2017 Reading List: Everything I Never Told You by Celeste Ng

I was traveling for work this weekend so earlier last week, I downloaded another book for the trip – Everything I Never Told You, by Celeste Ng. I am not sure how to pronounce that last name, so don’t ask.

I had thought this book was a murder mystery thriller. The first sentence of the book is “Lydia is dead.” And it is described as a “page-turner.” But it was less mysterious and gripping than I wanted it to be. It was about family and race and fitting in (or standing out). It was about the dynamics between parents and children and between siblings. 

In this book, Lydia is a 16 year old girl who is discovered dead in a lake. The parents immediately think that someone must have either killed her or lured her out into the lake knowing that she doesn’t know how to swim. Lydia’s brother, Nath, suspects the neighbor boy, whom Lydia had started spending more time with. The police say suicide, and as the book progresses, we start to learn why they come to that conclusion.

The book is not about the mystery behind Lydia’s death. It is about her parents and their lives and subsequent expectations for Lydia and their other two children. It is about fitting in to their small, Ohio community as an Asian family. It is about women’s place in the home or, if they choose, the workplace.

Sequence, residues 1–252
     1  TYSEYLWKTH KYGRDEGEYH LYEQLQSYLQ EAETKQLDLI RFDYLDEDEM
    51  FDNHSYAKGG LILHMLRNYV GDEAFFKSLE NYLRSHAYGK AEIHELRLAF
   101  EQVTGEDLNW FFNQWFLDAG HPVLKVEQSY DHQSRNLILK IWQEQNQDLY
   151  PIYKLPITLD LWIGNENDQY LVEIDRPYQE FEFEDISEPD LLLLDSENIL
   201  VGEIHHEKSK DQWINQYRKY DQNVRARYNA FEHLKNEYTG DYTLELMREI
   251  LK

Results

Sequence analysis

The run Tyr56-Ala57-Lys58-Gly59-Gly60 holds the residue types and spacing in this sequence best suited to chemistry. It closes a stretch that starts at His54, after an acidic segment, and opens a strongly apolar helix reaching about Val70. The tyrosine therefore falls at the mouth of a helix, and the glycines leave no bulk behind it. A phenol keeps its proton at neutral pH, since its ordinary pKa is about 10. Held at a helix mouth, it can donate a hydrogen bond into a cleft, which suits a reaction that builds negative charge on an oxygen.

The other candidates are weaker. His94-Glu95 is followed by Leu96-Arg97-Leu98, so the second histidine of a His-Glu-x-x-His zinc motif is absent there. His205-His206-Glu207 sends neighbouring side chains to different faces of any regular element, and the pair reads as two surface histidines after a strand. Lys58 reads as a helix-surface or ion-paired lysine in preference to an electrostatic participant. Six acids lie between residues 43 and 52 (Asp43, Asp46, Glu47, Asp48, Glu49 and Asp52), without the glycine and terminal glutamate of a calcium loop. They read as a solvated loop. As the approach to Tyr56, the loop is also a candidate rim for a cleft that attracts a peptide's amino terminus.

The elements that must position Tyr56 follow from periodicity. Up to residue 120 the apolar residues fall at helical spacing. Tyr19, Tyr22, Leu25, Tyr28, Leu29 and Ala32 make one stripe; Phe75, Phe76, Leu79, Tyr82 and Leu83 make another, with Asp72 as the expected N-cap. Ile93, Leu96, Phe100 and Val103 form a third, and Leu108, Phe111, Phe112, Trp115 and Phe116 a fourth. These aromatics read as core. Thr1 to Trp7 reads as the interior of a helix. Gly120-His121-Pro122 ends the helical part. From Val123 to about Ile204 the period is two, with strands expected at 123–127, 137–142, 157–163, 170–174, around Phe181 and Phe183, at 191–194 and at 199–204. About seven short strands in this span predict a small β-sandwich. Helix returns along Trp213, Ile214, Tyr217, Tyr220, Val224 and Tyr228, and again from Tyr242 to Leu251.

I really don’t want to give you more than that. The story was good, the characters were good, the ending was good. I don’t want to ruin it for you.

As I was reading, I couldn’t help but wonder if this situation could be actually true. One of the key pieces of the story was that the Asian family felt ostracized in their community of white families. There were examples of how white people treated them and things they said, and I felt like that couldn’t really be the way they were treated, even then, in the 1970’s. But what do I know? I am a white woman in a predominantly white community. I have never been that different. I don’t know what it’s like to not fit in. I try to be unbiased and welcoming toward all people in my own life, but maybe it really is that isolating to be the one different person in a sea of sameness.

I was annoyed at the lack of communication in this family. I feel like so many problems can be solved just by talking, by telling someone something. This wouldn’t even be a story if they all had just bothered to talk to each other. Lydia wants so badly to please her mother that she doesn’t even tell her that she hates her life. Her mother hates her life, but won’t tell her own husband that she always wishes she had finished med school and become a doctor. James had always wanted to fit in as a child and so he shoves his own children into boxes in a futile attempt to make them just like everyone else. Everyone has problems and no one will talk about them. What would have happened if Lydia had just told her mother that she didn’t want to be a doctor and told her father that she didn’t have any friends and couldn’t fit in at school?

The infuriating part of the story (not in a bad way), is that the reader gets to see everyone’s point of view. We get to hear it from all sides. We know what every character is thinking and so we can see how the pieces fit. But the characters will never know. They will never know how Lydia died, and they all have to live with their grief and their lies, their missed opportunities and their futile expectations.


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